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NYS Senate moves to demilitarize law enforcement

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ALBANY, NY – Amid national protests against police brutality and the systemic violence against people of color in the United States, New York State Senator Alessandra Biaggi, representing D-Bronx and Westchester counties, has introduced two pieces of legislation to demilitarize law enforcement, according to a press statement released on Tuesday, June 9.

State Senator Biagi accused the law enforcement of using military response to violate the rights of the George Floyd peaceful and law abiding protesters, and escalate violence across the nation.

“Across New York and our nation, ongoing protests demanding racial justice and an end to police brutality have been met with local law enforcement in riot gear, armed with chemical weapons. The militarized response to peaceful protest and civil disobedience has only escalated violence, shocking the conscience of New Yorkers and Americans across the country witnessing this trauma for the first time,” she said. 

“To further exacerbate police hostility, local law enforcement maintain access to prohibited mechanisms of chemical warfare. Tear gas has been banned from use on battlefields by the Chemical Weapons Convention for decades, but to this day is used by New York law enforcement to dispel protestors exercising their first amendment rights. The sheer purpose of tear gas is to trigger pain receptors that cause crying, sneezing, coughing, difficulty breathing, and temporary blindness upon exposure with the risk of long-term consequences. It is unfathomable that in the middle of a respiratory pandemic, we are seeing officers fire tear gas and pepper spray at peaceful protestors with impunity. For years, police have abused tear gas, showing zero restraint. Enough is enough,” the State Senator lamented.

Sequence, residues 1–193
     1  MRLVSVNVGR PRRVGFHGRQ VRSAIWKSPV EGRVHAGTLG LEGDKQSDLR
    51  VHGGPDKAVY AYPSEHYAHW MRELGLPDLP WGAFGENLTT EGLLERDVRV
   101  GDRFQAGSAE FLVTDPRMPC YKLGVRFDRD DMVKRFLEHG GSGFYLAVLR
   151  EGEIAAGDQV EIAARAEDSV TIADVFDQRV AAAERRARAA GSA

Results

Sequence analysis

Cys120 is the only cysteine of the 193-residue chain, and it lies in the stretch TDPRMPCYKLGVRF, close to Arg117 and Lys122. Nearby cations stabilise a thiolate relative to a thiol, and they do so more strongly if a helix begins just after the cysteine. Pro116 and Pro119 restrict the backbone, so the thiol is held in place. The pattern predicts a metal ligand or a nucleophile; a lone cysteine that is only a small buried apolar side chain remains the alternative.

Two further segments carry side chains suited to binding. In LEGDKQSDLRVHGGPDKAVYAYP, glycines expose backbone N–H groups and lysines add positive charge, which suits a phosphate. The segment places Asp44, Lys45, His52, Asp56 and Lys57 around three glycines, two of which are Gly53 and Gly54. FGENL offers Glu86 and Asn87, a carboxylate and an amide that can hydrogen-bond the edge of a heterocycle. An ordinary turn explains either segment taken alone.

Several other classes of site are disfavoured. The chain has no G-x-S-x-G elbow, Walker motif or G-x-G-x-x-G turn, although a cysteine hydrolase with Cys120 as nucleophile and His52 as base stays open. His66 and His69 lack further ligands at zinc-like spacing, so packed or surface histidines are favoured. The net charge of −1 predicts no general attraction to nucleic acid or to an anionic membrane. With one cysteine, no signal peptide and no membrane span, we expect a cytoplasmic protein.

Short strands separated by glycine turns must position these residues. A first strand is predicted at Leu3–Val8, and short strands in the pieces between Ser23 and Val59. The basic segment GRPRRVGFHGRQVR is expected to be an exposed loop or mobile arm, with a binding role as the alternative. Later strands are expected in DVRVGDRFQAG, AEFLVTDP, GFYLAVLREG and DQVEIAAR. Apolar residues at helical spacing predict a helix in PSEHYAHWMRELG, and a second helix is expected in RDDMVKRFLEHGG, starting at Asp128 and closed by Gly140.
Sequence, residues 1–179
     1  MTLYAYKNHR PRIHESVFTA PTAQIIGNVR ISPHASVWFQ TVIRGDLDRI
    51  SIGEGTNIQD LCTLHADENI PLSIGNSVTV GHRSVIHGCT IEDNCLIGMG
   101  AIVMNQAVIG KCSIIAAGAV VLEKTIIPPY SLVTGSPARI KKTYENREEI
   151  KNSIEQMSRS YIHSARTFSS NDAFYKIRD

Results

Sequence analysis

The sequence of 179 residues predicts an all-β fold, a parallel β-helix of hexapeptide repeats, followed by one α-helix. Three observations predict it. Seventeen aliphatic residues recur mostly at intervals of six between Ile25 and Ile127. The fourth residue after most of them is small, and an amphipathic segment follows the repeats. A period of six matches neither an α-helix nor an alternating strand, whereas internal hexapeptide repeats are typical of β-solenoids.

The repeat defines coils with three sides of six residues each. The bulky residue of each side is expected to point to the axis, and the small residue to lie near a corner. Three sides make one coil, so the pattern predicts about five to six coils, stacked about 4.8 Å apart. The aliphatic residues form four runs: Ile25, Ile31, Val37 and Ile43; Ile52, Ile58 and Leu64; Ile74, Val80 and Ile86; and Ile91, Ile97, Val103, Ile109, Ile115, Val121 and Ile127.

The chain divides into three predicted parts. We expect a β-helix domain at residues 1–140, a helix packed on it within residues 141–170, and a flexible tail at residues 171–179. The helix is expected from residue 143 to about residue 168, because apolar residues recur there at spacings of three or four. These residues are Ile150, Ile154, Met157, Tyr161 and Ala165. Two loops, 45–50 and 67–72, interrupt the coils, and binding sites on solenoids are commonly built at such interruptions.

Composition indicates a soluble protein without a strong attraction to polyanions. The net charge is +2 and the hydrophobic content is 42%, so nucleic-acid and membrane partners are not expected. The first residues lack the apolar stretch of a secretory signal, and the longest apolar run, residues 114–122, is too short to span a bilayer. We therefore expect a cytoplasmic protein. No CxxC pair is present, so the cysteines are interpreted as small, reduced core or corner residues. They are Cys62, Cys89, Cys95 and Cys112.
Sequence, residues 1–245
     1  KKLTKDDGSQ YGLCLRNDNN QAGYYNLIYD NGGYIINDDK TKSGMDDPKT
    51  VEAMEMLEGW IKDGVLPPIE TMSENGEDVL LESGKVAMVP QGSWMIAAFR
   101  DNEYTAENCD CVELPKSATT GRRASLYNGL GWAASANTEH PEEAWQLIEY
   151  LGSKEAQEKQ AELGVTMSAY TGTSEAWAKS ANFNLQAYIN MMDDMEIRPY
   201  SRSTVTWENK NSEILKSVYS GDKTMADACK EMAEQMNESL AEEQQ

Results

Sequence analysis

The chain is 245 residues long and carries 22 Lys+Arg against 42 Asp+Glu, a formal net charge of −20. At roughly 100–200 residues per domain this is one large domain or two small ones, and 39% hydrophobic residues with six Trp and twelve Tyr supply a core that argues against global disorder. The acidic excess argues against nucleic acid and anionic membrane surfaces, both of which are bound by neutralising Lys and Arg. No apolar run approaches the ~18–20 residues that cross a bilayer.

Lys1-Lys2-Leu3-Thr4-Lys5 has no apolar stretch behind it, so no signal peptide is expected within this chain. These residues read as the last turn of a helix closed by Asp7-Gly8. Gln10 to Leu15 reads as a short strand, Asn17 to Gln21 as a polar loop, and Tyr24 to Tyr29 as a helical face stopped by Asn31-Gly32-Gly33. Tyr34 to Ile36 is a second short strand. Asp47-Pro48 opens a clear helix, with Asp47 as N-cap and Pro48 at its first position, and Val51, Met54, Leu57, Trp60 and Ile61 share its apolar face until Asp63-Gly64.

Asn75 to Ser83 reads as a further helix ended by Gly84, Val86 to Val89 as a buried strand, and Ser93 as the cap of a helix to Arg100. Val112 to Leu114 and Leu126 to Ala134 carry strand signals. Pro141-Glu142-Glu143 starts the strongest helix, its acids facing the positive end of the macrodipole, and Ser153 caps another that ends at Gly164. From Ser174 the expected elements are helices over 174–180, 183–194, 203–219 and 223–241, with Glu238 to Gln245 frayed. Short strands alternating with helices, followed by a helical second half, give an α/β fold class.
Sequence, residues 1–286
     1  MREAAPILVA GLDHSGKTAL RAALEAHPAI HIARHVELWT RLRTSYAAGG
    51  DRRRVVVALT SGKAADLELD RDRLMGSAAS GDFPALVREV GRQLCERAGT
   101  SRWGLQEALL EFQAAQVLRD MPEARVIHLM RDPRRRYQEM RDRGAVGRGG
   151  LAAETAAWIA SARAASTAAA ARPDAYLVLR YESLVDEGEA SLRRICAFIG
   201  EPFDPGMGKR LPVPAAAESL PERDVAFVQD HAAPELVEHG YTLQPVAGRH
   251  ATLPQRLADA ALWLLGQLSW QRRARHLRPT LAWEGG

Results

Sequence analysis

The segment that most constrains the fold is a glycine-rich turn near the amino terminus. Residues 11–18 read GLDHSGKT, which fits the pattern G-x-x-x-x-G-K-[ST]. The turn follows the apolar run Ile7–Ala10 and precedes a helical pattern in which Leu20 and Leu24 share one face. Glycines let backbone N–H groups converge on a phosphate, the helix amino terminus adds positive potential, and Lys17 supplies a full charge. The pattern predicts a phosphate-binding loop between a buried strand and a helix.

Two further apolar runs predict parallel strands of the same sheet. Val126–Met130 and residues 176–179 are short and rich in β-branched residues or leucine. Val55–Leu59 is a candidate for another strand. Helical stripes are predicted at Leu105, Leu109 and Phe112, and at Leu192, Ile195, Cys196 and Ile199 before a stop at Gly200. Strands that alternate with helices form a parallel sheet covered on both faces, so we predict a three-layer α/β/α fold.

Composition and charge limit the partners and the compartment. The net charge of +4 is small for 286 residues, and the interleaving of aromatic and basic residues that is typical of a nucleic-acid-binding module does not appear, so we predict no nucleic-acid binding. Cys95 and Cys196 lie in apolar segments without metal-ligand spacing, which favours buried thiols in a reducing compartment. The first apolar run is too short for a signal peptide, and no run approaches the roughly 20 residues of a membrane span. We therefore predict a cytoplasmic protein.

She further observed that despite having federal government over-equipping the law enforcement through Federal surplus programs, the officers’ operations in local communities have been a source of increasing destabilization, violence and systemic racism in the country.  

“But this is nothing new –– for decades, municipalities have increasingly militarized their law enforcement and the consequences have been deadly. Federal surplus programs have allowed police to receive military-grade equipment like tanks, armored drones, and grenades, which they have disproportionately deployed in Black and Brown communities. The use of military equipment in U.S. localities does nothing to advance public safety or even protect police officers –– it only incites violence and terror in our neighborhoods,” State Senator Biagi added.

The State Senator’s Press Secretary, Maya Moskowitz, also clarified that “a study of 9,000 law enforcement agencies across the U.S. found that police militarization does not reduce violent crime or impact the number of officers assaulted or killed on the job, police forces are more likely to deploy militarized units in Black neighborhoods, and the use of military-grade equipment by the police decreases public confidence in law enforcement. Additionally, evidence shows that the militarization of law enforcement is associated with an increase in police violence”.

The State Senator therefore called for total demilitarization of the law enforcement in order to alleviate violence and systemic racism in the country.

As long as police continue to arm themselves with military-grade equipment –- they will approach our communities as warzones, looking for an enemy, instead of seeing their neighbors as the people who they are sworn to protect,” she concluded. 

According to the State Senator’s Press Secretary, the two bills call for prevention of law enforcement officers from using chemical incapacitants and purchasing military equipment commonly used to carry out brutal operations in local communities.

“Bill S8512 provides that no law enforcement agency shall use a chemical incapacitant, including tear gas, and prohibits the use of pepper spray for crowd control purposes.

Bill S8507 prohibits a law enforcement agency from receiving or purchasing the following property from a military equipment surplus program operated by the federal government: (i) drones that are armored, weaponized, or both; (ii) aircraft that are combat configured or combat coded; (iii) grenades or similar explosives and grenade launchers; (iv) silencers; or (v) militarized armored vehicles,” Moskowitz disclosed.




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